Saturday, March 08, 2008
I had a large collection of cymbidium orchids which were easy to grow in coastal LA. Naturally I brought them all along with our move to the idyllic Sierra foothills along with rubber trees (ficus elastica), brugmansia, various cacti and miscellaneous other plants in pots which I had accumulated over the years in Southern California. I even rented a small truck to haul them up after their four month exile to my son’s San Pedro front yard.
I was not sure that they would survive the first winter even though I knew that cymbidiums can manage in nearby Sacramento. They all survived but not one bloomed the first year. Then I worried that they would not survive the summer. They did even though I had no shade in my newly landscaped yard.
I now was confident that I could keep them alive but the next challenge was could I persuade them to bloom. Blooming them had never been a trick in SoCal. I used the bloom and grow fertilizers in the appropriate seasons and the orchids responded appreciatively. I maintained this practice after the move but got no blooms in the first two years. This year was to be my final try. I would either have some blooms or give up on cymbidiums and focus on something more appropriate for my climate.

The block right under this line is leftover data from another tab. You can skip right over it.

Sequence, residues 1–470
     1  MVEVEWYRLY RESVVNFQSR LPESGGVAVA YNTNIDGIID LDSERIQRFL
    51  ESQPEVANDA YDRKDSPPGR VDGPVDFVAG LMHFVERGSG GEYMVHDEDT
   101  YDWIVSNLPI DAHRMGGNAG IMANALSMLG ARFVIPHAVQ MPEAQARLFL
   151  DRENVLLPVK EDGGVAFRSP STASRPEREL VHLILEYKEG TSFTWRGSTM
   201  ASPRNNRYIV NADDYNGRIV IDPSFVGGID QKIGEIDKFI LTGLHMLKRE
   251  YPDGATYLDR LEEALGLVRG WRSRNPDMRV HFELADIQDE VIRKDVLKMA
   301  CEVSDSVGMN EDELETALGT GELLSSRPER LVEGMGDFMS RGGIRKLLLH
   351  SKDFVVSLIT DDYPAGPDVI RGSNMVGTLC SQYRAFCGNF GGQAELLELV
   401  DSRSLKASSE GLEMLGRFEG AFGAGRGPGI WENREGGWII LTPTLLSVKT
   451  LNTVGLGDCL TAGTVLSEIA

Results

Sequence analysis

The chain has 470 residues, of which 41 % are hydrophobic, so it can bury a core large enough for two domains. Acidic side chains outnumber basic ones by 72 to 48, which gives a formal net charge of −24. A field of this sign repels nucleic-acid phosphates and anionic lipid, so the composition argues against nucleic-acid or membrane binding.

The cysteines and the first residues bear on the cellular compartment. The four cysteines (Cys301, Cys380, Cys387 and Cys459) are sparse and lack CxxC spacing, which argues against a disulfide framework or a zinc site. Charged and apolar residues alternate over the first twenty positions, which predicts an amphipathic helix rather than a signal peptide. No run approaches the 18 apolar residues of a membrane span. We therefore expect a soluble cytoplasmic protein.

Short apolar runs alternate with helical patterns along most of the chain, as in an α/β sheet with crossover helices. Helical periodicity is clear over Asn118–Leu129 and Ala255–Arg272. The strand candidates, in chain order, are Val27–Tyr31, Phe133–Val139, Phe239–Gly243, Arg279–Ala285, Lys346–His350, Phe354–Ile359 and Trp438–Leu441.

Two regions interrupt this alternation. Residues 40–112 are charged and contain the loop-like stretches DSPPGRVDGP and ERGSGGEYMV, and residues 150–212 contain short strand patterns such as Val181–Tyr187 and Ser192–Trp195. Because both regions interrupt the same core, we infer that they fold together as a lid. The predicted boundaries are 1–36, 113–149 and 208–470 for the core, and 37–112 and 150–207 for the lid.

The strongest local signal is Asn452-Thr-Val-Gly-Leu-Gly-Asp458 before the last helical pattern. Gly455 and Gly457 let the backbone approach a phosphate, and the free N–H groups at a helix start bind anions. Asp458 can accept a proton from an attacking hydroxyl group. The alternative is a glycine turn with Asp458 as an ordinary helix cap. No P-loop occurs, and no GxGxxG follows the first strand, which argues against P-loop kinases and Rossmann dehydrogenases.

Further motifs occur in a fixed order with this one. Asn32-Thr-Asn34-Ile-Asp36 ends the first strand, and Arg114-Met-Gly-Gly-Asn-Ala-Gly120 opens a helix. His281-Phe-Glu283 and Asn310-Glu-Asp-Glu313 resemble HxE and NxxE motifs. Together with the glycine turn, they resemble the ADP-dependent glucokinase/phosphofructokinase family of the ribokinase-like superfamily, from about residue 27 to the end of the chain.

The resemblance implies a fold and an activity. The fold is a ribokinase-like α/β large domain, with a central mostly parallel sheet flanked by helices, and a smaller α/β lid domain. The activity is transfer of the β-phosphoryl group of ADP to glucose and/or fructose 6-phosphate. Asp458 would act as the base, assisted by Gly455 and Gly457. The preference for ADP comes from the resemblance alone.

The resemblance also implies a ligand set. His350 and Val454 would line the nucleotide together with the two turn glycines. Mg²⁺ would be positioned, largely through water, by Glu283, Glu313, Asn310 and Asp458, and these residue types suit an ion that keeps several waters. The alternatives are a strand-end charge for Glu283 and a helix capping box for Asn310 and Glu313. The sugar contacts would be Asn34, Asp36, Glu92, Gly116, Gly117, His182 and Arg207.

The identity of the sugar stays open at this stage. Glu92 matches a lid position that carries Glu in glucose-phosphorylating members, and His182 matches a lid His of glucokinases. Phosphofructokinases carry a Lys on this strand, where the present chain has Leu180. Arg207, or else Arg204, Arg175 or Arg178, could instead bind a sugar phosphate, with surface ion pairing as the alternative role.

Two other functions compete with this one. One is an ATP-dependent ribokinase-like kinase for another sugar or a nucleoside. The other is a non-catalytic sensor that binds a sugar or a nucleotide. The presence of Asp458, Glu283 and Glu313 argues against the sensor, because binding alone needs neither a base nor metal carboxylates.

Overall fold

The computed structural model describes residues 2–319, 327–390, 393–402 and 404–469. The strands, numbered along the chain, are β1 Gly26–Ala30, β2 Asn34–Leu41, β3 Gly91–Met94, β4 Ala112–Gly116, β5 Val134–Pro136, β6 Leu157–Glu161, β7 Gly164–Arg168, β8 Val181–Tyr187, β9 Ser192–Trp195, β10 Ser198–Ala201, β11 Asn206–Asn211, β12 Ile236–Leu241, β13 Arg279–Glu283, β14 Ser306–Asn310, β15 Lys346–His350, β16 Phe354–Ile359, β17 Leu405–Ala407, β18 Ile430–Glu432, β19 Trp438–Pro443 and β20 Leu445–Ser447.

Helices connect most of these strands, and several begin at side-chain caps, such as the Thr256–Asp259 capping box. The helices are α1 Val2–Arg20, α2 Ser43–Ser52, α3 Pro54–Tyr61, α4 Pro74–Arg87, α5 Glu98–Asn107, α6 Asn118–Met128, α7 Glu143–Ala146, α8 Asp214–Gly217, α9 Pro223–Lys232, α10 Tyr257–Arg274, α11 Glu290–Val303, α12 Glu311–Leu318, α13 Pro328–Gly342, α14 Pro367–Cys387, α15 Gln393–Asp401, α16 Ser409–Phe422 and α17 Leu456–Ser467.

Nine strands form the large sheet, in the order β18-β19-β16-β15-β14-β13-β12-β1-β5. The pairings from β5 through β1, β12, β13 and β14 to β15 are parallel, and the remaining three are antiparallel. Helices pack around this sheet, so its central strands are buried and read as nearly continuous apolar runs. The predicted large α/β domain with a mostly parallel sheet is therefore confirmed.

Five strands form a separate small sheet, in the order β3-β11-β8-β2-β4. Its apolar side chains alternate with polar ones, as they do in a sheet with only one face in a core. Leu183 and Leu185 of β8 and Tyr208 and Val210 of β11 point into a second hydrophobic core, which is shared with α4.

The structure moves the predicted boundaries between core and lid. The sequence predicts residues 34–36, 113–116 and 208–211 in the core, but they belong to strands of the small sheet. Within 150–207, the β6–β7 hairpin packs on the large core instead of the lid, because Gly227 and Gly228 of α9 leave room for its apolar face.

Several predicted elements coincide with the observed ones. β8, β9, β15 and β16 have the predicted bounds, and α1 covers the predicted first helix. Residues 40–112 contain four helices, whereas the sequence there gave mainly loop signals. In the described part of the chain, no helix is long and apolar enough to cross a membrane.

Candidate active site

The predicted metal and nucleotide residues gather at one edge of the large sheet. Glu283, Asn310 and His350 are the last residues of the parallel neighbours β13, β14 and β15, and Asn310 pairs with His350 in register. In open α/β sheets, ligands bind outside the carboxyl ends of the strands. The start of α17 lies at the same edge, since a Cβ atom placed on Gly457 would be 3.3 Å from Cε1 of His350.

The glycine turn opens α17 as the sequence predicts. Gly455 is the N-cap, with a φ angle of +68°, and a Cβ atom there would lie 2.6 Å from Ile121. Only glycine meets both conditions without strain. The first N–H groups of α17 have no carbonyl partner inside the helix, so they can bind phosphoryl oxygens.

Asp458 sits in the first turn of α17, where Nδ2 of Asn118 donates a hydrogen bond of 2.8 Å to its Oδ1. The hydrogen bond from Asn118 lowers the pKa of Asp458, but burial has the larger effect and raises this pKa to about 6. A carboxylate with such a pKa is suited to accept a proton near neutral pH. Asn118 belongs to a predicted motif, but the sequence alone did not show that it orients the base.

This year I had two plants bloom. The first was my miniature green flowers variety (Sweetheart 'King Arthur'). It has always grown like a weed and flowered like a champion so I was not surprised that it would be the first to step up. In addition it is an early flowering variety which sets buds up in the fall for winter flowering. As a result it had many bloom stalks formed before it got cold and the blooms actually opened in January despite some pretty cold weather. Those blooms are still on the plant but way past beauty.
The surprise was the second plant, another miniature, only red (If I knew the variety once, I don't any longer). This year the stalks popped up about December and just last week opened. The flowers are a bit stressed looking but much better than no flowers at all.
I can only speculate what might have made the difference but this encourages me to hope for even better results next year.
My first thought is that I moved the plants from an exposed location on the retaining wall to a more sheltered location under one of my maple trees and in front of the retaining wall. There they receive shelter from the hot summer sun and perhaps some protection from the winter cold. I will keep them where they are.
On another front, now that it seems that I am having success with them, I plan to repot a few of the most pot bound plants before the summer heat.
One final thought is that my normal month for beginning the bloom fertilizer is October. I plan to switch in September to see if I can get more blooms.